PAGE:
Local Experts Talk About the Facts, Fears, and Fancy of Bird Flu

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An article in the November 12, 2005 Boca Raton News by John Johnston summarizes bird flu points made by ACSH's Dr. Elizabeth Whelan:

"Public awareness about the possibility of a pandemic of avian flu has soared, but so has misinformation," according to Dr. Elizabeth Whelan president of the American Council on Science and Health (ACSH).

Dr. Whelan listed the top 10 things the ACSH believes everyone should know about avian flu:

1. There are currently no known cases of avian flu traced to person-to-person transmission, she said. The only transmission is between birds and in a small number of people who have had close contact with birds. She agreed with Dr. Heiman, saying a pandemic would occur only if the current virus mutated in such a way that it could be transmitted between and among humans. "There is no need to panic, only to prepare," Dr. Whelan said.

2. The media daily tout hypothetical threats -- claiming, for instance, that trace levels of pesticide residues in food pose hazards. However, "bird flu is not a run-of-the-mill phantom risk," she said. "There is sound scientific evidence suggesting a pandemic could evolve," she said.

3. There are major differences between the deadly 1918 flu pandemic and one that might occur in modern times. "Today we have anti-viral drugs that can mitigate the effects of the infection, and we have antibiotics to treat secondary infections and complications," she said.

4. There are, however, challenges that remain essentially the same as they were nearly 100 years ago. Influenza is highly contagious. Unlike SARS or smallpox, influenza can be spread one or two days before symptoms appear. During the SARS epidemic, the disease was kept in check by keeping travelers with fevers from boarding planes. She said carriers of influenza might show no such signs of disease.

5. "As President Bush stressed in a speech, the first step in preparedness is surveillance, tracking and documenting the frequency of infection in birds and in people working with birds -- and reporting immediately any person-to-person transmission. This will involve a concerted, worldwide effort," she said.

6. Vaccine production is complicated given that (a) we cannot develop an effective vaccine until human to human transmission has occurred and we have identified the new virus, and (b) there is currently little incentive for pharmaceutical companies to make vaccines given the liability risks they face and the uncertainty that sales revenue would justify the staggering production costs. Some advocate stockpiling "pre-pandemic" vaccines designed to protect from the H5N1 strain currently infecting birds, recognizing that a new strain allowing person to person transmission would be different but arguing that a pre-pandemic vaccine might at least offer some protection. "Others say it is a misuse of limited resources to allocate over $1 billion to produce a vaccine of unknown efficacy," she said. "Medical professionals agree, though, that we must develop quicker, more efficient means of making vaccines, while giving companies incentives to produce them -- including liability protection and guarantees of purchase."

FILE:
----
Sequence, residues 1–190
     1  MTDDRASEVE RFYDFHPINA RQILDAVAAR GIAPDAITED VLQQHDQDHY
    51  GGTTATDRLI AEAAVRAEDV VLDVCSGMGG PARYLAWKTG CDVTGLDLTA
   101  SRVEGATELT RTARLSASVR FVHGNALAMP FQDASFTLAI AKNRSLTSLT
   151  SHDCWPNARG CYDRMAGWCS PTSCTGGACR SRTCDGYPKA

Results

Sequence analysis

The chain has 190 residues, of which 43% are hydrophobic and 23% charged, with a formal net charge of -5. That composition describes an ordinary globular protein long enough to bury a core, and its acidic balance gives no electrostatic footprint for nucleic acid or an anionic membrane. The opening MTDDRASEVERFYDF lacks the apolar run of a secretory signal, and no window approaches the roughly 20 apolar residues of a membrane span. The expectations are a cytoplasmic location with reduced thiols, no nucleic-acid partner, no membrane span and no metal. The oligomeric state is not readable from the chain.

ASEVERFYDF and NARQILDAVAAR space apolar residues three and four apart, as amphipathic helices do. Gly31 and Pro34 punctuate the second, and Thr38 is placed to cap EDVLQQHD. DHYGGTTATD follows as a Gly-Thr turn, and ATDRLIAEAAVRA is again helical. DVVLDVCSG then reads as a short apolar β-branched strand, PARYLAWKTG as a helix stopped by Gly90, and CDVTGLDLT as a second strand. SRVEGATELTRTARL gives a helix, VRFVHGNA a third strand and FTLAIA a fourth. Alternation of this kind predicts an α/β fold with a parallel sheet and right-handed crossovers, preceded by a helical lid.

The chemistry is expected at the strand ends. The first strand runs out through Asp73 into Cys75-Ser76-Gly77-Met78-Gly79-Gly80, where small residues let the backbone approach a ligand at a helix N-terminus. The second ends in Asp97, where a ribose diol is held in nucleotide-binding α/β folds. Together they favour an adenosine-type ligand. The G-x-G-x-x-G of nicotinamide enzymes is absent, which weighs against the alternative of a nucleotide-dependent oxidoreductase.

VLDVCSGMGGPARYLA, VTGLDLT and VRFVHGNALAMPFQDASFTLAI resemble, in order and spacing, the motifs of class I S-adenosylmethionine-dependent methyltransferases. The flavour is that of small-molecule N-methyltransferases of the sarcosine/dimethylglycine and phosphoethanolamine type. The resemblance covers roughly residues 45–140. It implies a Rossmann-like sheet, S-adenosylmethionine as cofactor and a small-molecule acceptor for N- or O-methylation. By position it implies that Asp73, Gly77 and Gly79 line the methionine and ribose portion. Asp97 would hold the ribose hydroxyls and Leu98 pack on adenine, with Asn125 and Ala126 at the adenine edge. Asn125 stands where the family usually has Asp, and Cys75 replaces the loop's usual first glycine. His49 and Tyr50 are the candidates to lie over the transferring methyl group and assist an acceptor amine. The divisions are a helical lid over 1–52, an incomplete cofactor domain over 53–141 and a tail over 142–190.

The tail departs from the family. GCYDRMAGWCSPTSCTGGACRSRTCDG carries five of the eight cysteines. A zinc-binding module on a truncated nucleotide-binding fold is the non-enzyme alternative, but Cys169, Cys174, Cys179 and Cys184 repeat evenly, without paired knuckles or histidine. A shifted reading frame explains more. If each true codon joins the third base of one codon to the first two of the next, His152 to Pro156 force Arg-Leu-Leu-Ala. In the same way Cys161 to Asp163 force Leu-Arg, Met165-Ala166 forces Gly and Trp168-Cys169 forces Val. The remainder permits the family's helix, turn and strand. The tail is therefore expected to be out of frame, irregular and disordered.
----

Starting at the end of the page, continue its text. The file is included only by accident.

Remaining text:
7. Government stockpiling of medicines to treat influenza -- anti-virals and antibiotics -- is essential, she said. At the moment, Tamiflu is the number one choice in treating influenza, but the drug is in short supply and is licensed only to Roche. With the right incentives, Roche would team up with other companies to dramatically increase production. "Stocking up on Tamiflu now for personal use, though, is unwise and unnecessary," she said.

8. "State and local health departments should create an infrastructure that would allow for storage and distribution of both vaccines and treatments -- and the possible sudden increase in need for hospital beds and isolation/quarantine programs," she said

9. Advance preparation should avoid "quick fixes" that could backfire. Proposals to allow governments to violate patents on drugs like Tamiflu -- ignoring laws that protect intellectual property -- would be disastrous, discouraging the pharmaceutical industry from developing desperately needed new anti-virals.

10. "As with any crisis, hucksters will try to make a quick buck," she said. "Already, dozens of Internet sites sell what is almost certainly imposter 'Tamiflu' and surgical masks that offer little or no protection against the flu virus. Buyer beware."